Obesity and Prader-Willi Syndrome

Obesity is a complex disorder that implies gaining excessive amounts of body fat and weight that can lead up to numerous diseases and health complications such as cardio-vascular problems, high blood pressure, type II diabetes and osteoarthritis. Obesity is measured with the body mass index (BMI) and is diagnosed when the value is over 30 (kg/m2)

 

Prader-Willi Syndrome is a complex congenital condition that is characterized by obesity, weak muscle tone, delayed mental development and infertility. In infancy it implies feeding difficulties, poor growth and muscle weakness. Since childhood, the affected individual starts to develop an insatiable appetite which leads to obesity and related complications such as type II diabetes.

Causes

Obesity:

The main causes of obesity are excessive food intake and the lack of physical activity

 

Unhealthy diet and eating habits

 

Sedentary lifestyle, dependency on cars and avoidance of any physical effort

 

Insufficient sleep and high stress levels

 

Hormonal problems (imbalance, deficiencies)

 

Only in a few cases the primary cause for obesity is represented by genetics or rare medical conditions

 

Prader-Willi Syndrome:

The condition is caused by a defect (missing gene) on a segment of chromosome 15: either the father’s part of the chromosome is missing, or the mother’s part is in duplicate

 

The genetic changes that induce this condition occur by chance and usually the people that are affected do not have a family history of the condition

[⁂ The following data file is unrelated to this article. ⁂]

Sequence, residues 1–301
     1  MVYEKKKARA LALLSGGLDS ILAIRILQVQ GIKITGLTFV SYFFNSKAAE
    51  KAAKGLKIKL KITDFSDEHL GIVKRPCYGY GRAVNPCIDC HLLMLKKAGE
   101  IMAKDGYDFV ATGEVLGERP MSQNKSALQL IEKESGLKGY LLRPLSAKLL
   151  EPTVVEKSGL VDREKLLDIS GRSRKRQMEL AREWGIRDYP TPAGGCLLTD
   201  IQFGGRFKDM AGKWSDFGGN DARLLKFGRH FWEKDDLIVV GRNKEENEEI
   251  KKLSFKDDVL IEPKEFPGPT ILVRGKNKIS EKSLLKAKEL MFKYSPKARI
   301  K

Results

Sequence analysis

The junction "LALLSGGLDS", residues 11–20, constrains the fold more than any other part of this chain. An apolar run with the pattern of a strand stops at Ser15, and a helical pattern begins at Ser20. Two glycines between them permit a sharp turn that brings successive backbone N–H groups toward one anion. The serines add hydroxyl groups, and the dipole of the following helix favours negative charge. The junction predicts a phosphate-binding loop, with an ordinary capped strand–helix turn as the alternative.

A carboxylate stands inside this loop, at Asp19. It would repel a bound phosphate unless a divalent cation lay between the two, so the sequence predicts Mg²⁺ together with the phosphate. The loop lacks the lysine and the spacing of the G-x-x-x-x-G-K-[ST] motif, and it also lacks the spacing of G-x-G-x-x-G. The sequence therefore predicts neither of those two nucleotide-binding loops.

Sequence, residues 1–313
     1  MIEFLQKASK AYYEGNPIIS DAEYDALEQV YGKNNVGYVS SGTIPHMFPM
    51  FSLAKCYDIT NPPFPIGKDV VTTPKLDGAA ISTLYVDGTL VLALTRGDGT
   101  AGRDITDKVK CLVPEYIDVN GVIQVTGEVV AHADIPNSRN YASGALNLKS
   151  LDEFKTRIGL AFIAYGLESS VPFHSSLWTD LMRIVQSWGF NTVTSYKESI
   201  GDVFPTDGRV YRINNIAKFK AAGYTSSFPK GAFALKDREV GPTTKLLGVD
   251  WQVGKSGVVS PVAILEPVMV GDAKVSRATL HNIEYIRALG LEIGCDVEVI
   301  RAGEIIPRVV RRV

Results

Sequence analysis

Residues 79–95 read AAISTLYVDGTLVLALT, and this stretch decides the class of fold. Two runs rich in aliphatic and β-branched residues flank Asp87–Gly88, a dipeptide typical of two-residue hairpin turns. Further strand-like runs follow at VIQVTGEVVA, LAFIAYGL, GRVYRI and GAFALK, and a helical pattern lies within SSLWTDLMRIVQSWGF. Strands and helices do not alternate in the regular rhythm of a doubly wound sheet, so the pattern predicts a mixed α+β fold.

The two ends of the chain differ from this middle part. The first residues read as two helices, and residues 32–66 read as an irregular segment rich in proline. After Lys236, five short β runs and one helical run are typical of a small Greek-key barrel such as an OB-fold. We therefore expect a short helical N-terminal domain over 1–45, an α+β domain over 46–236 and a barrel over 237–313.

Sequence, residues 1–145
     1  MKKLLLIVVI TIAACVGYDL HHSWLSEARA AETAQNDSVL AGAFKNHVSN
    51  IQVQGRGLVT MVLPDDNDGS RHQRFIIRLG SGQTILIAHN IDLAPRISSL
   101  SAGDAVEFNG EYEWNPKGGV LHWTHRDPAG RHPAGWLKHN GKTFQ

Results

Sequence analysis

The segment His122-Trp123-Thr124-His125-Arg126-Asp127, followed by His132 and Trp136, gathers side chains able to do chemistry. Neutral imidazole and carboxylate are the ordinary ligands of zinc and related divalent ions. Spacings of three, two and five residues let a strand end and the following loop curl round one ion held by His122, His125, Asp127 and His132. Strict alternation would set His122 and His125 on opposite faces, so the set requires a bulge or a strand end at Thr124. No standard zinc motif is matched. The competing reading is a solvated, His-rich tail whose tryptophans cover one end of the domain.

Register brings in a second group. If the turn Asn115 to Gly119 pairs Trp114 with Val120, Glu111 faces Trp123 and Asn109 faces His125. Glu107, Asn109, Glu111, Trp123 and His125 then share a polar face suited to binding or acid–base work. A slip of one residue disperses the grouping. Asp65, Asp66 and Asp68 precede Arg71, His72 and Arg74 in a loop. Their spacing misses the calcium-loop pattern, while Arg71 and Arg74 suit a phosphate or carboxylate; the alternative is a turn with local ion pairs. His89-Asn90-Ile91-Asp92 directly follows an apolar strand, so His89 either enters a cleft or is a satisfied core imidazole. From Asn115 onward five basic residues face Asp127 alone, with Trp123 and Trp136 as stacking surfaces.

Symptoms and signs

Obesity:

Excessive body fat

 

Difficulties breathing, shortness of breath

 

Excessive sweating

 

Difficulties sleeping

 

Snoring

 

Constant fatigue

 

Difficulties in performing physical activities

 

Joints and back pain due to the excessive weight

 

Can lead to depression due to low self-esteem and lack of confidence – influenced by body image

 

Prader-Willi Syndrome – the symptoms of this condition are specific in different life stages:

In uterus and after birth: very little movement of the fetus, abnormal fetal positions, polyhydramnios (excess of amniotic fluid), muscle weakness, lethargy, feeding difficulties (sucking reflex is affected by the muscle weakness), respiratory difficulties, hypogonadism (diminished gonad activity)

 

In childhood: delayed intellectual development and speech, crossed eyes (strabismus), poor physical coordination, over-eating and excess weight, excessive sleeping, short stature, delayed puberty

 

In adulthood: infertility, underdevelopment of sexual glands, obesity, low muscle tone, extreme flexibility, learning disabilities, prone to diabetes

 

Physical characteristics: small hands and feet, thin upper lip, almond-shaped eyes, excess fat, lack of sexual development, deficient motor coordination, soft skin with easy bruising tendency, high and narrow forehead

 

Advice

Obesity:

Keep your weight and diet in check

 

Check your BMI and waist circumference

 

Work together with your doctor to develop a treatment plan